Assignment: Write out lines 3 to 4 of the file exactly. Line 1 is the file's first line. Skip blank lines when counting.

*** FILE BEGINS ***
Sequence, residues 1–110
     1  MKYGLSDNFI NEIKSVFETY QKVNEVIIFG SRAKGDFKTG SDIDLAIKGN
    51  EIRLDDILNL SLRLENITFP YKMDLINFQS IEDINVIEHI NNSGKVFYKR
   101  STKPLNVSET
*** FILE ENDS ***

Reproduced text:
    51  EIRLDDILNL SLRLENITFP YKMDLINFQS IEDINVIEHI NNSGKVFYKR
   101  STKPLNVSET